Well then, where was I? Oh, right, I haven’t actually posted anything in a month or so…
Same excuse as always, just plain old garden variety ‘busy’ and ‘worn out’.
The game of choice right now is “Horizons”, which you may recall I played some two years ago. I’ve played just about every multiplayer game available right now and I’ve found them all lacking after a while, usually due to there not being an age limit for the game.
“World of Warcraft” was fun for a while, till all the damn kids caught wind of it. It seems the games these days are being over run with trash talking munchkins with the imaginative capacity of a grapefruit. World of Warcraft, City of Villains, Everquest 2, etc, etc… All have become infested at this point.
The biggest problem with internet based games and too many kids is that, given anonymity and an audience, well over half of them will become the biggest asshat on record within a few minutes.
Enter ‘Horizons’, a game with a very odd story behind it and one which is mercifully free of ‘leet speaking freaks of nature. See, Horizons came out a little over two years ago to much fanfare, as it was truly revolutionary in concept: A fully player driven and dynamic world that players, and nature, could change over time as well as the most detailed crafting system in existence which creates a player owned economy in the game… Oh, and playable Dragons!
Well, there was a bit of an issue with this concept as it was so large and grandiose that the technology just wasn’t there yet. The game launched with all sorts of problems due in part to the publisher, Atari, rushing things out the door. Soon after Atari decided they didn’t want to be in the MMO business and left the developer, Artifact Entertainment, holding all the bills… About a year later Artifact folded and filed for bankruptcy.
So, move forward in time a bit and you’ll see a small Texas based game company, Tulga Games, buy the rights to Horizons in the bankruptcy auction. Tulga hires back several of the core people responsible for Horizons and they set about both fixing it, and bringing it in line with current technology – in a small garage-like atmosphere.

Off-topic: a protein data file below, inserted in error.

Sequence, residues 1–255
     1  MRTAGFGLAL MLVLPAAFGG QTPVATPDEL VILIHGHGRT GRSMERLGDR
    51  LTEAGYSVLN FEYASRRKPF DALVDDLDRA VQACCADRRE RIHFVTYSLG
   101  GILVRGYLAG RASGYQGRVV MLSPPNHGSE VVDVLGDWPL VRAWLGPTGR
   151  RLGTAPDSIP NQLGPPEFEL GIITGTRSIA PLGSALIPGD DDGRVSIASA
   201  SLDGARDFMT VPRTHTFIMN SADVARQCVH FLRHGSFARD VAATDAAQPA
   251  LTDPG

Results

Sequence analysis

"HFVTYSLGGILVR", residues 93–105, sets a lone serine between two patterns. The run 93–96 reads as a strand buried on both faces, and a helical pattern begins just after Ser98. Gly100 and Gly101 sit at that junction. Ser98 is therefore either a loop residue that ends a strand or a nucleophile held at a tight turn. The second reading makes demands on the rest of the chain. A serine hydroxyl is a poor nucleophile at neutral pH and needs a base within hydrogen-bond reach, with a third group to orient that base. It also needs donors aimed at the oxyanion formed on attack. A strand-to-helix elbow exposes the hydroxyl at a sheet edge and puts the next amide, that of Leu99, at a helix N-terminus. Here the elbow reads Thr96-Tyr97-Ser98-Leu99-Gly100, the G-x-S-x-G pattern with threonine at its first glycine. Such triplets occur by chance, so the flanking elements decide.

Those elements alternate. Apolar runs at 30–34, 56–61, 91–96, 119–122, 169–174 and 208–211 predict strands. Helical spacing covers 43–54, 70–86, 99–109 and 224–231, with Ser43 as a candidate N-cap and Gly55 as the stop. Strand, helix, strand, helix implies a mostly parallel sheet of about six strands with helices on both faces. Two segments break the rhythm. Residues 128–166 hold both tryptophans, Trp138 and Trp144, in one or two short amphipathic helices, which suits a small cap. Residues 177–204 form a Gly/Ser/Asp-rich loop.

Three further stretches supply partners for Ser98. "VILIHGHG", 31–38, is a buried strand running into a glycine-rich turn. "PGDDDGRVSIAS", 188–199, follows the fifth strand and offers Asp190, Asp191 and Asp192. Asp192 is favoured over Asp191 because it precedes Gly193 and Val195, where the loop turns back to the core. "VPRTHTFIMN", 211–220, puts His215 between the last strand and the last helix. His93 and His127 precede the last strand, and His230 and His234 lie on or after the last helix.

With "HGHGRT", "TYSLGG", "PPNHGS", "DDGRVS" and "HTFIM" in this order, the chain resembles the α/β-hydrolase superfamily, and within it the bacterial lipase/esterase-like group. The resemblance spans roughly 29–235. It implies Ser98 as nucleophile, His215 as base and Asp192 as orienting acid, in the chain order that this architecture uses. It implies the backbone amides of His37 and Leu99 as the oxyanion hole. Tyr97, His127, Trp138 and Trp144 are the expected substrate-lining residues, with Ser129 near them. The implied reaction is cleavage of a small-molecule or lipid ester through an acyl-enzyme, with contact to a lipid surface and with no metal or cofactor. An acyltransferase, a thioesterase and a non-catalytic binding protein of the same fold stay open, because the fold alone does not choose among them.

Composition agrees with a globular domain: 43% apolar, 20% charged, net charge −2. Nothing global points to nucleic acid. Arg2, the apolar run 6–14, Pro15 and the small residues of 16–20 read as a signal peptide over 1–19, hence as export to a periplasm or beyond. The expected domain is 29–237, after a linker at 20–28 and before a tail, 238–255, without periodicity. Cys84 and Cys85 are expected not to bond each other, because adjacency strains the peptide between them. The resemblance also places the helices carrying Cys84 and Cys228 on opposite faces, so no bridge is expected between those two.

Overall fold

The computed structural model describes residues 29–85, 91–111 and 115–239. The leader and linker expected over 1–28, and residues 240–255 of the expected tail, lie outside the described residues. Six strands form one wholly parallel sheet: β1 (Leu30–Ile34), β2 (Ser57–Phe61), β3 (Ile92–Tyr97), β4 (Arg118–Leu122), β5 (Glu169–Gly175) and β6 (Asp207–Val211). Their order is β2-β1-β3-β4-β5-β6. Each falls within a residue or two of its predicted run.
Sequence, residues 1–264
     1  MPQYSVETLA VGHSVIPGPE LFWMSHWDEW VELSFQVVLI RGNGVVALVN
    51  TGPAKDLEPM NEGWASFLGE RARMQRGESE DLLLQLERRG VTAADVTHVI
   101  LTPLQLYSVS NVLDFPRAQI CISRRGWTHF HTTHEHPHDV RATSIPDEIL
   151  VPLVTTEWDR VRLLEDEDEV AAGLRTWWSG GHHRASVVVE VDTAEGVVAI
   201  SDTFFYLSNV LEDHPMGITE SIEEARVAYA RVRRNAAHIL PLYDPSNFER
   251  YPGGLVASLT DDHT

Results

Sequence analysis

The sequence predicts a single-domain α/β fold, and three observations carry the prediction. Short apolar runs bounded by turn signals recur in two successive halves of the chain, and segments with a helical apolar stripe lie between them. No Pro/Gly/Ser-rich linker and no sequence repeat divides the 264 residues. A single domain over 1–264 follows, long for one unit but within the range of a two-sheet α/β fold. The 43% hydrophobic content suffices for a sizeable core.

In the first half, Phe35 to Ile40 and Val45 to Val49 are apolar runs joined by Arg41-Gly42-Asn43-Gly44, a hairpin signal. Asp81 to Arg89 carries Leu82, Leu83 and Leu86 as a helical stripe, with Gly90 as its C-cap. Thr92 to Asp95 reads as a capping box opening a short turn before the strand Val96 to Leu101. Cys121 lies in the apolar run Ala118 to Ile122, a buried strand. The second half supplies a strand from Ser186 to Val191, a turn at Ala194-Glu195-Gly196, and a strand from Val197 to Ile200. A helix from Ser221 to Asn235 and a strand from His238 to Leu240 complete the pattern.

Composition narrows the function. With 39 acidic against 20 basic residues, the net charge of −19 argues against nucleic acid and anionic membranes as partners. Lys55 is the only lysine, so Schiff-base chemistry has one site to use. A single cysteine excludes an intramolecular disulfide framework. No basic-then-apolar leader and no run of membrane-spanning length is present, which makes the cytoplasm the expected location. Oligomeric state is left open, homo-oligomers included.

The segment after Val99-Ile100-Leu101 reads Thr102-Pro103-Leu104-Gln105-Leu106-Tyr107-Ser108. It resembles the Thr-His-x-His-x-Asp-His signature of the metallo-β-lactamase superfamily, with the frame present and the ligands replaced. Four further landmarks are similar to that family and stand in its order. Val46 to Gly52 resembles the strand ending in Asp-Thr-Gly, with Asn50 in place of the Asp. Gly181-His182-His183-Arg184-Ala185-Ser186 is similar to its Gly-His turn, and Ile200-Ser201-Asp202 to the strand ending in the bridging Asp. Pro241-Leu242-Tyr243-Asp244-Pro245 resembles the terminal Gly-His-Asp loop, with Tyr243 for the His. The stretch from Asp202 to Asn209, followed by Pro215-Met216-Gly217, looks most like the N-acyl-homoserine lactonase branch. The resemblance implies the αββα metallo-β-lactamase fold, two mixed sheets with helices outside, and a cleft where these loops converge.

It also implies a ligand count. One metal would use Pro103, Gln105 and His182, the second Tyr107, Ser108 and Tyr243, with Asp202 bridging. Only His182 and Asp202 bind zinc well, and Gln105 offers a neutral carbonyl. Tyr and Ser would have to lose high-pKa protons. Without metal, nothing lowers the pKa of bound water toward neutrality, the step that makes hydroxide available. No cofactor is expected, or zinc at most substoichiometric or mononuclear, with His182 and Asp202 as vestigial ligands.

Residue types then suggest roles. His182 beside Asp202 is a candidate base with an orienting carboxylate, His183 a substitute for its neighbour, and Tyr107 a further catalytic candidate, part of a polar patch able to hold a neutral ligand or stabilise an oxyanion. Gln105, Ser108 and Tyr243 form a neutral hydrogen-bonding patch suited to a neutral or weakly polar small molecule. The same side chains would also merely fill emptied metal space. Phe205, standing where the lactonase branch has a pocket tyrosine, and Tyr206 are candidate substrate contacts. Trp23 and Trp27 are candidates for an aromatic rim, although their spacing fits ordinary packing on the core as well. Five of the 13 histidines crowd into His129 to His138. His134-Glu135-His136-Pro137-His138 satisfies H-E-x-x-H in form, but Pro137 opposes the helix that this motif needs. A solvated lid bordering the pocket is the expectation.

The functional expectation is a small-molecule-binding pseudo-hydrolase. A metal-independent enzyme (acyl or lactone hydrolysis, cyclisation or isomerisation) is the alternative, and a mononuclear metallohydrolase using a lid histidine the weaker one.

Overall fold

So here we are today: Horizons is still in what I would call a Beta, though I pay $13 a month to play it, and as it is both a ‘dead’ game and there is no PvP, all of the players are adults who are interested in the story of the game and the role-playing opportunities it represents. Horizons is recruiting some interesting folks to help them in their quest for the most accurate fantasy world simulation ever, and the latest is writer Peter S. Beagle of “The last Unicorn” fame who will be creating more backstory for the world.
In all of the ten or so MMOs I’ve played over the years, I’ve not found as great of a community as the one in Horizons. These are people that you’d not give a second thought to inviting over for movie night, if they lived next door you’d have BBQs with them, and you’d certainly be ok with having them watch your pets while on vacation…
Really, Horizons is as close to the old BBS era as I’ve been able to find since the inception of the internet. No one plays to get the biggest sword, the best stats, or to simply be annoying. Jae has done nothing but craft things for two weeks and he’s happy as a clam.
I’m playing a Dragon in the game; a mere hatchling. Though I’ve been taken under the wing (literally) of one of the ancient dragons (huge, building sized beings) who is helping me find my way in the world. In another few weeks I’ll be ready for my ‘Right of Passage’ into adulthood where I’ll not only be able to learn how to fly, but I’ll get about twice the size I am now. Ancient status won’t happen for at least another six months, but there’s no hurry – I’m happy.